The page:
Iraq And Syria: The Untold Reasons For War


This year marked 15 years since the US invasion of Iraq, said to be the most destructive invasion in modern history, carried out by the George W. Bush US administration. Bush gained the general support of the US populace, giving his well-known speech ‘operation Iraqi freedom,’ telling Iraqis that their freedom is to come. But what came was not freedom, or even democracy, Iraq was destroyed. The reason the Bush administration gave for invading Iraq was that the country holds weapons of mass destruction (WMD). At the time, Saddam Hussein was the vice president of Iraq and described by many as a dictator. He originally came to power by carrying out a huge purge and since then had Iraq under an authoritarian regime.

Sinan Antoon, an well-known Iraqi author, recalls in his recent article how he imagined Saddam’s fall, but he did not support the invasion. Due to this, prior to the invasion, Antoon and 500 other Iraqis in the US signed a petition: “No to war on Iraq. No to dictatorship.” This petition affirmed that those Iraqis were against the dictatorship but at the same time did not want an invasion, a war that would cause further suffering and lose of life. He also notes that this petition was not given any attention in the mainstream media, the media only portrayed what the government said and wanted, which was primarily pro-war Iraqi-Americans.

Iraq:

The public reason given for the invasion of Iraq was that the country holds weapons of mass destruction, but there are documents from credible sources which highlight otherwise.

Regarding the document, the Sunday Herald reported: Strategic Energy Policy Challenges For The 21st Century. This document was commissioned by James Baker, the former US Secretary of State under Bush, and was given to the Vice-president five months prior to 9/11. It emphasizes the reasons the Bush administration went to war with Iraq and removed Saddam Hussein. The document explains how America is facing the biggest energy crisis in history, pointing out Saddam as a threat to America due to his control of the Iraqi oilfields and recommending a military intervention to fix the energy crisis. This would ultimately provide the US with access and control over the Middle Eastern oil fields.

In 2011, the Independent reported on the exploitation of Iraq’s oil reserves. It mentioned that before Britain took a leading role in invading Iraq, the government ministers and the world’s largest oil companies discussed the exploitation of the oil reserves in Iraq. In the wake of the invasion, 20-year contracts were signed in the oil industry, which covered half of Iraq’s oil reserves. It has always been all about the oil, as Time Magazine in 1990, during Gulf war, reported a US official saying “Even a dolt understands the principle, we need the oil. It’s nice to talk about standing up for freedom, but Kuwait and Saudi Arabia are not exactly democracies, and if their principal export were oranges, a mid-level State Department official would have issued a statement and we would have closed Washington down for August.”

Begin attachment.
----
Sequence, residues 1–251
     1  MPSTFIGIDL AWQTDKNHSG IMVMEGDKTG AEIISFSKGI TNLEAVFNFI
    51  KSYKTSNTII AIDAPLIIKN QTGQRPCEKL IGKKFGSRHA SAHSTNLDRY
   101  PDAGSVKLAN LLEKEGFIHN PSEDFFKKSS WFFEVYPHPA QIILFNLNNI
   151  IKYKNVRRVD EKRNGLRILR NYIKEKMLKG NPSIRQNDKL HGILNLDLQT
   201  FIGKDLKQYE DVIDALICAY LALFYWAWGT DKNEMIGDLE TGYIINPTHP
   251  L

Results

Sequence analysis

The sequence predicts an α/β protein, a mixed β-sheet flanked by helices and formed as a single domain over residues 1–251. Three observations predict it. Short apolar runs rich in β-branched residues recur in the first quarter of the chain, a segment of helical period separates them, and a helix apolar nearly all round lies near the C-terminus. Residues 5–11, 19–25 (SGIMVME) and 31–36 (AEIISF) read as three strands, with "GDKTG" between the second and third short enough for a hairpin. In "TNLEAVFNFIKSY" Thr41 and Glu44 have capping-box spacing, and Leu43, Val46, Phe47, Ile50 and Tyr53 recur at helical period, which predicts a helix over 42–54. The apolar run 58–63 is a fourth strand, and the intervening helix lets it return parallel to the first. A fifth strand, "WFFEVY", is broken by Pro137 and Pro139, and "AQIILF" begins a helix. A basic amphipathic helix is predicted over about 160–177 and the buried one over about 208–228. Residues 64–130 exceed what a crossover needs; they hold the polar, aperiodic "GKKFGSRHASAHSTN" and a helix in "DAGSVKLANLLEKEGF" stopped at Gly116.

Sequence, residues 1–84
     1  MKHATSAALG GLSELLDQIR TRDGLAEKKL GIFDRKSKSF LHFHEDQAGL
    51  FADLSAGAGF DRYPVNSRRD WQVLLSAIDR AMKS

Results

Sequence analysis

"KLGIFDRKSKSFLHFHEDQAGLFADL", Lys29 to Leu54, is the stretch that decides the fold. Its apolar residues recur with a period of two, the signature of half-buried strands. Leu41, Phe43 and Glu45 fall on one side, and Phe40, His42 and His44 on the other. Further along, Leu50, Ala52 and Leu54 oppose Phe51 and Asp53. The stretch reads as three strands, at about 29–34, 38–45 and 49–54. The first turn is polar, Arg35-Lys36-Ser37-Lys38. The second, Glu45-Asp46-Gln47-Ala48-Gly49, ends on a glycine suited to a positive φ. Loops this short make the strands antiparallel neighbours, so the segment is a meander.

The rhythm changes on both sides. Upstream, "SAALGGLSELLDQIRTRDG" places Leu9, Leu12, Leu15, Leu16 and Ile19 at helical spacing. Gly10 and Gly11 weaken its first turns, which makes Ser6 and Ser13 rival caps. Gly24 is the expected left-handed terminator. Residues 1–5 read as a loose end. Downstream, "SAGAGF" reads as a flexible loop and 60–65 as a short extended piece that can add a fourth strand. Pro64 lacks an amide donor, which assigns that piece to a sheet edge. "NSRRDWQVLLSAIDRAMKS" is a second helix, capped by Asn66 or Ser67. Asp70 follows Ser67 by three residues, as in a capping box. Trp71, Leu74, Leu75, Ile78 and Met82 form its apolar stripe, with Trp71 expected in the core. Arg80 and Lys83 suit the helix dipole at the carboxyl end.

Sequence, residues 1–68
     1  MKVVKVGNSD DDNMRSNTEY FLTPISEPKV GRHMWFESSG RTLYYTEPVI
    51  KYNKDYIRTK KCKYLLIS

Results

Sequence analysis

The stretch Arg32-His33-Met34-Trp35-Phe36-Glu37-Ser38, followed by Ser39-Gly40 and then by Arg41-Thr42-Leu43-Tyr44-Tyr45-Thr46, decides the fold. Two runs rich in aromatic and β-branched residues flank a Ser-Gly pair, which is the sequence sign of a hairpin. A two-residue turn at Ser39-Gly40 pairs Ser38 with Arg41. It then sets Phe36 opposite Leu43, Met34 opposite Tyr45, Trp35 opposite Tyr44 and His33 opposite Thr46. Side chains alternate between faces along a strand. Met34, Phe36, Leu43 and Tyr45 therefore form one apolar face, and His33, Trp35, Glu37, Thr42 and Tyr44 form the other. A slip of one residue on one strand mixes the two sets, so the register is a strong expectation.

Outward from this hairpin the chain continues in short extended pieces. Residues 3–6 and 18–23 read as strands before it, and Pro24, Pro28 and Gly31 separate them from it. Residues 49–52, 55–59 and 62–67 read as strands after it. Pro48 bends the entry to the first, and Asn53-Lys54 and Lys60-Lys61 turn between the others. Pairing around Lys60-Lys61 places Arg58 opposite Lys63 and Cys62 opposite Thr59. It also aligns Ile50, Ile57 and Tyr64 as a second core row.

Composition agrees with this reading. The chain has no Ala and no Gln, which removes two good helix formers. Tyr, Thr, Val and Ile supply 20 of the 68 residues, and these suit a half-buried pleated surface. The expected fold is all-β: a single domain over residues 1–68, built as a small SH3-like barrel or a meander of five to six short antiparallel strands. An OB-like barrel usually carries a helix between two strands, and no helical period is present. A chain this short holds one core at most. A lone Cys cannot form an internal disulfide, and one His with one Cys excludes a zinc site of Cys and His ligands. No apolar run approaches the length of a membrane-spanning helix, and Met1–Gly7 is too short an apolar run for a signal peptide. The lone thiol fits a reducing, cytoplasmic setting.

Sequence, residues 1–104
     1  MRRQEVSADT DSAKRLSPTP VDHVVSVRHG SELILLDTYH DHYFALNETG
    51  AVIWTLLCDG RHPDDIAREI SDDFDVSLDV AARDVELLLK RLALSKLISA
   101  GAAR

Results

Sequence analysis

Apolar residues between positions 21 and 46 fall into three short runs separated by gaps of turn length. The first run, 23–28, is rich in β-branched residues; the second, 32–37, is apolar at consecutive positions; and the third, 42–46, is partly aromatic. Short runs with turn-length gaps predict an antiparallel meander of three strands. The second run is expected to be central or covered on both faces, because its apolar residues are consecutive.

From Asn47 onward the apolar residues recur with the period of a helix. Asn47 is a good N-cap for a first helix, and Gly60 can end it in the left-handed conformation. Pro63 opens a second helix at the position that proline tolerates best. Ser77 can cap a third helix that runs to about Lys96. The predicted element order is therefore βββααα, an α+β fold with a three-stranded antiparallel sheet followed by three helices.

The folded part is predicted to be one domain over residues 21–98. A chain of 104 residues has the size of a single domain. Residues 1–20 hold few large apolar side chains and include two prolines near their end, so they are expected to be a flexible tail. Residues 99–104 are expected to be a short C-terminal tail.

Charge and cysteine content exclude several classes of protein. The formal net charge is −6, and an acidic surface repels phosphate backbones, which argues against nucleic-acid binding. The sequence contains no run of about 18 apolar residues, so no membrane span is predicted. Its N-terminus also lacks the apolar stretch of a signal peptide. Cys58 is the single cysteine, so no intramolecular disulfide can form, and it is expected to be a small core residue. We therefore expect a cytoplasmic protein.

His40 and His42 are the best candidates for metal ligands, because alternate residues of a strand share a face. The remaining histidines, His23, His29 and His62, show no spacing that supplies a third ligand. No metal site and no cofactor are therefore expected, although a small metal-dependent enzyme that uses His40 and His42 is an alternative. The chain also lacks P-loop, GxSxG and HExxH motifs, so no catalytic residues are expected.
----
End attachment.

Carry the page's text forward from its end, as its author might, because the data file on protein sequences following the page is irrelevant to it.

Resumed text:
Syria:

The Syrian war, much like the Iraq war, is also about oil and gas. In 2013, the International Business Times noted that Syria controls one of the largest conventional hydrocarbon resources, as well as the largest reserve of crude oil in the eastern Mediterranean. When we look at all the key players in this war, they all have one thing in common, and that is a billion-dollar gas pipeline deal. There is the pipeline deal that is backed by the US, running from Qatar through Saudi Arabia and Jordan and Syria. The other pipeline deal is backed by Russia, that will go from Iran via Iraq to Syria.

The Syrian president, Bashar al-Assad, rejected the US-backed plan. This allowed the Russian plan to ensure Europe’s reliance on Russia for gas. Russia supplies a quarter of Europe’s gas and thus became the main ally of Syria, leaving the US government to become strongly in opposition with Assad. On the other side, there is also the debate that the US is against Assad due to its power interests in the US war state and it is not all about the oil. Guardian in 2013 reported that leaked emails from the private intelligence firm Stratfor, included details about US and UK planning to overthrow the Assad government by creating and training Syrian opposition forces. Harvard professor Mitchell A. Orenstein, who recently wrote on Russia’s involvement in the war on Foreign Affairs, believes it’s more of a ‘free for all,’ with natural gas acting as another fuel.

It is well-known that all wars cause destruction. However, those who create and fund these wars may not be affected in this way. After the invasion of Iraq, no weapons of mass destruction were found. This largely eliminates the chance of there having been any broad threat against the foreign powers prior to the invasion. However, in the wake of this invasion, the terrorist groups of al Qaeda and ISIL appeared and prospered. For now, it is the Syrian war that holds the world’s attention. It is again a war that has killed many innocents, but the governments involved show no sign of stopping because trillions of dollars in oil and gas revenues are at stake.